*Increase percent of residents with insurance coverage
*Reduce prevalence of chronic diseases
*Increase early detection of disease
*Increase longevity for those with chronic diseases
*Increase level of insurance coverage for mental health care
*Reduce costs associated with chronic diseases
All of these will require that those 70,000 or so people who are on Medicaid or who have little or no insurance coverage get access to quality care. First, each person needs a medical "home," a place where he or she can get regular care, where medical records are maintained and where a person can get follow-up care.
Emergency room care does not offer early diagnosis of anything -- people go there when they already have symptoms. Nor is the emergency room equipped to follow up on care to make sure patients actually filled their prescriptions or that they understood the doctor's instructions.
Proper care of chronic illness requires regular medical supervision, and it takes a medical "home" to do that properly.
As the Affordable Care Act is implemented, more people will get insurance, but there is no guarantee they will be able to afford care, especially if the only policy they can afford has a $10,000 deductible.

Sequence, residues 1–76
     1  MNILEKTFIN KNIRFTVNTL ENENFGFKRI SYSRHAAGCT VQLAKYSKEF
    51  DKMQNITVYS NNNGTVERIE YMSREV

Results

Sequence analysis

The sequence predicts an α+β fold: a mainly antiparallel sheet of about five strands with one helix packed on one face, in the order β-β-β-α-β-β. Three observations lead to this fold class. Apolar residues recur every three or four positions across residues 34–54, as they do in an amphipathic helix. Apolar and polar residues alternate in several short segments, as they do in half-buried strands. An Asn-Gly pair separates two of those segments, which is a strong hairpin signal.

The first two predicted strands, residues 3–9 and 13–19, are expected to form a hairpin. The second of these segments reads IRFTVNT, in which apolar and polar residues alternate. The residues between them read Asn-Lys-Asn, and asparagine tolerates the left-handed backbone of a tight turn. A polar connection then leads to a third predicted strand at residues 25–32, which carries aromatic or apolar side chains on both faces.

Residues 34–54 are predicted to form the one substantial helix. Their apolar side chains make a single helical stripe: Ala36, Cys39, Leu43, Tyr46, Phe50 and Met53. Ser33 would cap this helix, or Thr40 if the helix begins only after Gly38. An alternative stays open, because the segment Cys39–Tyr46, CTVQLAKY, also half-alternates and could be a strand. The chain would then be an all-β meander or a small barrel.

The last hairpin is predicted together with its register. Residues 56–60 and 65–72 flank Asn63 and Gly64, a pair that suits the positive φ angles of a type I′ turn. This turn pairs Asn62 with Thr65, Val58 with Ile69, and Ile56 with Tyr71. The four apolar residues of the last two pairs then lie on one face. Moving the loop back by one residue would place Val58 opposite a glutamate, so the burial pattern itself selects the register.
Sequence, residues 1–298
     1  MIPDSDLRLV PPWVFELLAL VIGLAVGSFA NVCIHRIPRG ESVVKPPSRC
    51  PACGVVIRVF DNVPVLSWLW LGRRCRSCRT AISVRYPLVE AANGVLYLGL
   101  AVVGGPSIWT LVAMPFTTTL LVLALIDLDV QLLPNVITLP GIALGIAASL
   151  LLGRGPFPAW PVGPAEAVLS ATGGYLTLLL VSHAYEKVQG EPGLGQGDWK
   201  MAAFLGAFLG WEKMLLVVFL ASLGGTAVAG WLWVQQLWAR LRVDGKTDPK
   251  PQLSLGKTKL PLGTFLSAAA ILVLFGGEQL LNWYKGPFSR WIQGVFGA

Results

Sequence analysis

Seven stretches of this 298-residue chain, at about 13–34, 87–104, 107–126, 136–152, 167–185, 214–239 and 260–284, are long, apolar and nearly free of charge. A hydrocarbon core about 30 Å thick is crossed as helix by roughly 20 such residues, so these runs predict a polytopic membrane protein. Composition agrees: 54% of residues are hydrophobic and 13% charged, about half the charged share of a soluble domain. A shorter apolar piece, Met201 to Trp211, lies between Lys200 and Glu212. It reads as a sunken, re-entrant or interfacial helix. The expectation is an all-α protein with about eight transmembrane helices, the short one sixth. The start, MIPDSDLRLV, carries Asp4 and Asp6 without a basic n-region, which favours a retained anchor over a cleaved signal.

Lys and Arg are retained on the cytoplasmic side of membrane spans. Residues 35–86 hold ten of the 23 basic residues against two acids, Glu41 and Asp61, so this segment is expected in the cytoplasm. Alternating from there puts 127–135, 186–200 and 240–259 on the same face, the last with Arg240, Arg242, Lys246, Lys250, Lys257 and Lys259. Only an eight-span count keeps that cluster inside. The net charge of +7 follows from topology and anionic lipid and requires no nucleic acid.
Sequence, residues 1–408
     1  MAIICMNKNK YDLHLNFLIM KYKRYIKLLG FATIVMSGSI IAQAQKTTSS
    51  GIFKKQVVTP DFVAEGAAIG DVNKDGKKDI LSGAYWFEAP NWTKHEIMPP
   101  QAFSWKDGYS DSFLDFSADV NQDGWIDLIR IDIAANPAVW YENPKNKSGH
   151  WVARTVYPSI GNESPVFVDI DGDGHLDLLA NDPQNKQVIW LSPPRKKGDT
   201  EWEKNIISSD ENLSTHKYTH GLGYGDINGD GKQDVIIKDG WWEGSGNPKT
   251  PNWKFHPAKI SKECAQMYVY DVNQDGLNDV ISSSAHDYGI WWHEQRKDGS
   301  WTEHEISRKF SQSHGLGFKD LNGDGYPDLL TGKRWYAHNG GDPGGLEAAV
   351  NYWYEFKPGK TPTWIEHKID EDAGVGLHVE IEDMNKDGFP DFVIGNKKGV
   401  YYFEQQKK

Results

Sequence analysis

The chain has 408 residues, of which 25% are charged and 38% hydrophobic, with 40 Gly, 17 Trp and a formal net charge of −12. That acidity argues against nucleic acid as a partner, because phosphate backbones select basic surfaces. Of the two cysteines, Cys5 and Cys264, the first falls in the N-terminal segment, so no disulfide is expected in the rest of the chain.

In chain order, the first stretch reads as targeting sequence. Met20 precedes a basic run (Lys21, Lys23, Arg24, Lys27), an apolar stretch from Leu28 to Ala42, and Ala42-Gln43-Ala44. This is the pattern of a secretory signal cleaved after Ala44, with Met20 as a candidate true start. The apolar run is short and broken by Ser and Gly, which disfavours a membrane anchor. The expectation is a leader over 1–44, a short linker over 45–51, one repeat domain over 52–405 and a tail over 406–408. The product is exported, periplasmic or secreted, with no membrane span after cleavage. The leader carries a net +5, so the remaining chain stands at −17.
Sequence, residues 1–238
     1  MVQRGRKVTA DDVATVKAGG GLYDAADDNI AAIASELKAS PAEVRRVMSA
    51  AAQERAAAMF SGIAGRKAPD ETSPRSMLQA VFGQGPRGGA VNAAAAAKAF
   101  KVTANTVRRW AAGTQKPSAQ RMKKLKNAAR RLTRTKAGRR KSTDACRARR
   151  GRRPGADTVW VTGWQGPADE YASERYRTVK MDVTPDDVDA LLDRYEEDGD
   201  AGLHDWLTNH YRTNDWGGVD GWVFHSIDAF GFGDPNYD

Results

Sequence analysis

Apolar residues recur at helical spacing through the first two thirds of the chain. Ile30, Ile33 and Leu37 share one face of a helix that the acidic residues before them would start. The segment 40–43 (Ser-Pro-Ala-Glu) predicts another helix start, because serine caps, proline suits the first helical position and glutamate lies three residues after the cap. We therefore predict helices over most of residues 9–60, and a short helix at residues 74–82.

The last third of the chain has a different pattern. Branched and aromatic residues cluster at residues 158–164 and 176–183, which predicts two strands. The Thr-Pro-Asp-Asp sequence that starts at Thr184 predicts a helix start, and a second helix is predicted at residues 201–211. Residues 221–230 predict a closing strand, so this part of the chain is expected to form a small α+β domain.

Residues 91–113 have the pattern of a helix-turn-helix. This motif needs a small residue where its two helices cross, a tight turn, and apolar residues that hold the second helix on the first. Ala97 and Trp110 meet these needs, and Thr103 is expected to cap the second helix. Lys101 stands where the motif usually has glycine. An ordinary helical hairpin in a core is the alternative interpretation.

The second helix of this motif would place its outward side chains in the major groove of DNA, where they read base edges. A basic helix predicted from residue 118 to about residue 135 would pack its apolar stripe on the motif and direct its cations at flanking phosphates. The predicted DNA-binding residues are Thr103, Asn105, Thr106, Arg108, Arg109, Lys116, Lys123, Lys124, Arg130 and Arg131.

Until there is a national plan that really addresses access to quality care for all, we will continue to see needless deaths from causes like suicide and infection.
I was in a meeting yesterday of the advisory group putting together proposed legislation for North Carolina's Health Benefits Exchange, and the insurance companies keep wanting more.
Last month they insisted they should be voting members of the board that oversees the exchange, making them regulators of their own industry in the state. A lot of us disagreed, saying this would be a conflict of interest. To have them as nonvoting advisors would be appropriate, but not as voting members of the body that oversees their practices. They felt persecuted, poor things. One member of the advisory board resigned in protest because he didn't believe insurance companies were getting a fair break.
I don't have a lot of sympathy, considering the 45,000 people who die every year in this country because they couldn't get a break from the insurance companies.